Uncertainty is all around us and questions abound…What will distance learning look like in the fall and will students be able to return to a classroom this school year? Is it safe to go to a store or visit older relatives? Will there be a vaccine or a medication to minimize the symptoms of COVID-19?
The uncertainty of the future can be cause for much anxiety in the present moment. However, there are ways to navigate uncertainty to help minimize some of the difficult emotions you may be feeling.
Take charge of things that you have control over.
- Have you been wanting to clean out a pesky junk drawer or overstuffed closet? Now may be a good time to organize your files, drawers, and closets.
- Create a meal plan, try a new recipe, or use that new Instant Pot you received as a gift.
- Improve your sleep habits. Find ways to achieve the amount and quality of sleep you need.
- Initiate or improve your exercise regime. Find a new walking or running path, dust off your bike to go for a ride on a nearby trail, or find a place to go hiking.
Take charge of the present moment.
- Go on a nature walk and use the “Seek” app to identify trees, plants, animals, and insects.
- Write in a journal or write down what you are grateful for in the present moment.
- Engage in mindfulness practices, yoga, or meditation.
- Play lawn games, board games, card games, or complete a puzzle with those closest to you.
- Go on a picnic in a nearby park and enjoy the time you have to eat, relax, and talk with your family.
- Enjoy a socially distant conversation or meal with a friend.
- Call a friend from your past that you have not spoken to in a long time.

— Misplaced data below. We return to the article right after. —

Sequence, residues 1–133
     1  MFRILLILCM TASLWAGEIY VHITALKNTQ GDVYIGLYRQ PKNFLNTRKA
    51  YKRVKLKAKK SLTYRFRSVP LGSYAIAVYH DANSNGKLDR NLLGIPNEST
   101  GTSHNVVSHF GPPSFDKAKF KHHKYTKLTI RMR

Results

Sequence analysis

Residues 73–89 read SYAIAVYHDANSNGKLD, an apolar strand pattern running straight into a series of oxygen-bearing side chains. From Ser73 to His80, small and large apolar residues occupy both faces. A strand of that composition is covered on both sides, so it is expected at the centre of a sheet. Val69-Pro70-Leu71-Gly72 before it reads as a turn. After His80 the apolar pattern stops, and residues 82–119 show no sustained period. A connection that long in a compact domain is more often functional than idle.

- Reach out to your relatives to see how they are doing.
Take charge of making a difference in your life and in the lives of others.
- Be patient and kind to yourself and others.
- Encourage acceptance of the current situation and build resilience to deal with it effectively.
- Learn a new skill such as cooking, sewing, drawing, painting, or playing an instrument.
- Work to improve athletic skills such as golf, dance, tennis, volleyball, badminton, or basketball.
- Read, read, and read some more.
- Learn a few phrases in another language or brush up on the language you learned in school.
- Donate food or money to a local food bank or volunteer if you can do so safely.
- Read to an older relative via video conference or write them a letter.
- Become a pen pal to someone in a nursing facility or orphanage.
- Limit time spent on social media.
Healthy Minds is for parents, educators, and community-based providers who are interested in supporting student mental health and wellness. It represents a collaboration between FCPS’ Office of Intervention and Prevention Services and the Fairfax County Government. SUBSCRIBE to Healthy Minds and receive a periodic digest of our most recent articles.